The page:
Alias, efficient may-alias and points-to analysis


Alias is a Frama-C plugin that implements:

  • a points-to analysis, i.e. an over-approximation of the possible variables a pointer may point to at run-time.
  • a may-alias analysis, i.e. an over-approximation of the possible aliases between pointer variables (and, more generally, memory regions) of the program.

Two pointers are called aliases of each other if at runtime they point to the same memory location. In that case changing the value of one pointer also changes the value of the other pointer and vice versa. We call “may-aliases” pointers that are currently not aliases of each other but may become aliases at some point at run-time.

This plugin implements in a static analysis a variant of “Steensgaard’s algorithm”, which determines at compile-time conservative approximations of the may-alias sets of a program and its variables.

This analysis aims at correctness and efficiency rather than precision. The results of the analysis are therefore always (i.e. in the absence of warnings) correct, in the sense that every alias-pair that may form at run-time is contained in the alias-pairs identified by the static analysis.

A may-alias analysis usually contains also a points-to analysis, which is also the case for this plugin. This analysis is correct as well, in the sense that (in the absence of warnings) all pointer relations (variable a points to b) that may occur at run-time will be in the points-to set determined by this analysis.

Note that the Eva plugin can also be used to implement a points-to analysis, which is much more precise but also much less efficient than this plugin.


To run the may-alias analysis either:

  • call the function Alias.Analysis.compute
  • run frama-c with the -alias flag

Some of the most important command-line flags are:

  • -alias-show-function-table displays for each function of the analyzed source code a summary, which includes the alias sets for the function’s parameters and return value.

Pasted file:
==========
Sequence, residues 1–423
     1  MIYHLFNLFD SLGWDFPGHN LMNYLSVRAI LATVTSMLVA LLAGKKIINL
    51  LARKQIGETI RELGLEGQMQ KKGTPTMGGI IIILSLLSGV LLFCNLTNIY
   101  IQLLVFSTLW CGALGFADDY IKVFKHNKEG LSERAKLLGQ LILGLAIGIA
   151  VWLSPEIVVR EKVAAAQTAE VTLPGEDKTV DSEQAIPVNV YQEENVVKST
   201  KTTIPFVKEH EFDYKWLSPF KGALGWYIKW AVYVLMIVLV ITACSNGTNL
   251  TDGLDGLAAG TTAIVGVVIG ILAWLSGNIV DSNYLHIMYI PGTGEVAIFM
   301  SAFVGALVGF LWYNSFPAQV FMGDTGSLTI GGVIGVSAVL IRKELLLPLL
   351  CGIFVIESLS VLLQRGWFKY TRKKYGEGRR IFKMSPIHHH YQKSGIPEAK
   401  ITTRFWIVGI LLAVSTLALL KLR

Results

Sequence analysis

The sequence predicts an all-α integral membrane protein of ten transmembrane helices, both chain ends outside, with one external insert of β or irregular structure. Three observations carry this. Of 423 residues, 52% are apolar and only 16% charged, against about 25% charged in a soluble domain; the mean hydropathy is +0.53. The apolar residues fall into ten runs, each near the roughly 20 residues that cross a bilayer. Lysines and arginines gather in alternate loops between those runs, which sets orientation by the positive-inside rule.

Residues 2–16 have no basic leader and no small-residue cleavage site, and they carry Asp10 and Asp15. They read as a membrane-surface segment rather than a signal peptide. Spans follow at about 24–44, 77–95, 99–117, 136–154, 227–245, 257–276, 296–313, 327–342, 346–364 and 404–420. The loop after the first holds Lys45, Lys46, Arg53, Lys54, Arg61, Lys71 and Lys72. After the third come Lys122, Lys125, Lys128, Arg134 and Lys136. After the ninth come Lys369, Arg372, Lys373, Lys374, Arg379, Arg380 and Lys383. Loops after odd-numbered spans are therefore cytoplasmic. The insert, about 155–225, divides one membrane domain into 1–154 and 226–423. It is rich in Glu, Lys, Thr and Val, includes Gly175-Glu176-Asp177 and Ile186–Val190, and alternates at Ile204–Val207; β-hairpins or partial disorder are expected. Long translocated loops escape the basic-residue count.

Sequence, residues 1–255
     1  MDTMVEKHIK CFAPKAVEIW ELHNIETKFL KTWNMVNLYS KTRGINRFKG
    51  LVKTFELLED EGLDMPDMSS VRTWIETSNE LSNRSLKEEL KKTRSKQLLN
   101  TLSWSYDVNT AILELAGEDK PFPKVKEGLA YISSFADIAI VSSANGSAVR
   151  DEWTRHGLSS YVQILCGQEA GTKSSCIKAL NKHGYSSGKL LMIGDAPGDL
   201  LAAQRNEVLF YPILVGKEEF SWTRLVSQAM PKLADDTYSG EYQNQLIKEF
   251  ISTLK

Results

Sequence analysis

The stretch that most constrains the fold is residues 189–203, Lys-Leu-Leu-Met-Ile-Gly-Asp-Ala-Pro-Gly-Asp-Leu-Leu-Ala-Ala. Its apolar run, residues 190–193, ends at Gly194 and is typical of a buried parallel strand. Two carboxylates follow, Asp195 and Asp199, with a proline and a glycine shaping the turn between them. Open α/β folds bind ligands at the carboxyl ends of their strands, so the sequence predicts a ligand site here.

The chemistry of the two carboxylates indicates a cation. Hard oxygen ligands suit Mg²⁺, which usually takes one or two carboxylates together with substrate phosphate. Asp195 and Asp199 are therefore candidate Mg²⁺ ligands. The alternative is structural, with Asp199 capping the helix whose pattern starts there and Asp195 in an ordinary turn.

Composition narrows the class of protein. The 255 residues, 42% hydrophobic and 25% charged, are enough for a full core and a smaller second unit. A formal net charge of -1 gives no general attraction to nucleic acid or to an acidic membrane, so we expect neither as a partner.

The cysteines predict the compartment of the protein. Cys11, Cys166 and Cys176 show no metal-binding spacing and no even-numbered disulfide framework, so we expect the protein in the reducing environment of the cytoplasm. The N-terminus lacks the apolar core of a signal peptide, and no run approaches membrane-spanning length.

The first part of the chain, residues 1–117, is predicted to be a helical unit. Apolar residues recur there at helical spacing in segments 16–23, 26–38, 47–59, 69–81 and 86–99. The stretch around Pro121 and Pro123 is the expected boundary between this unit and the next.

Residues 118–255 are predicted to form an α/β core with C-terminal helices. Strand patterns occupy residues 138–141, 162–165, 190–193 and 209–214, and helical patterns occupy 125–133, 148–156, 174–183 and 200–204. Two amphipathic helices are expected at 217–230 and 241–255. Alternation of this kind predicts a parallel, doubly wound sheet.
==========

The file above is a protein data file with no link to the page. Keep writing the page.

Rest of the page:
• -alias-show-stmt-table displays for each statement the alias sets for all the variables (lvals) in scope.

Please run frama-c -alias-h for more information on command-line flags.


Alias.Analysis provides functions to run the analysis and clear the analysis results. The module Alias.API provides function to access the analysis results.


The following example prints all the alias sets at the end of all global functions.

Alias.Analysis.compute ();
let print_kf_alias_sets kf =
  let alias_sets = Alias.API.Function.alias_sets_lvals ~kf in
  List.iter (Alias.API.LSet.pretty Format.std_formatter) alias_sets
Globals.Functions.iter print_kf_alias_sets


This plugin implements a path-insensitive analysis based on purely syntactic reasoning, without numerical domains/values computations. When some branch condition appears in the program, any alias in any branch is considered. Therefore, the analysis is efficient, whereas the results are not very precise.

Unsupported constructs

  • recursive functions,
  • user-defined variadic functions,
  • function declared and used without being defined (i.e., no function body)
  • assembly code,
  • instructions longjmp and setjmp,
  • complex instruction goto that breaks the natural control-flow of the program
  • heterogeneous casts (e.g., casts from integers to pointers or conversely)
  • union type,
  • dynamic memory allocation, except if done once at the beginning of the program, whichever the execution path is.

Imprecisely-supported constructs

  • non-complex instruction goto,
  • homogeneous casts,
  • recursive datatype, e.g., multiple levels of pointer dereferencing,
  • pointer arithmetic, and array and structure accesses,
  • variable-length arrays,
  • volatile attributes.

Building and Installation

The plug-in is included by default when installing Frama-C.

Note that this plugin uses assertions extensively, which has considerable performance cost. Building and installing using the --release flag disables these assertions.

Project Members

  • Allan Blanchard
  • Loïc Correnson
  • Tristan Le Gall
  • Jan Rochel
  • Julien Signoles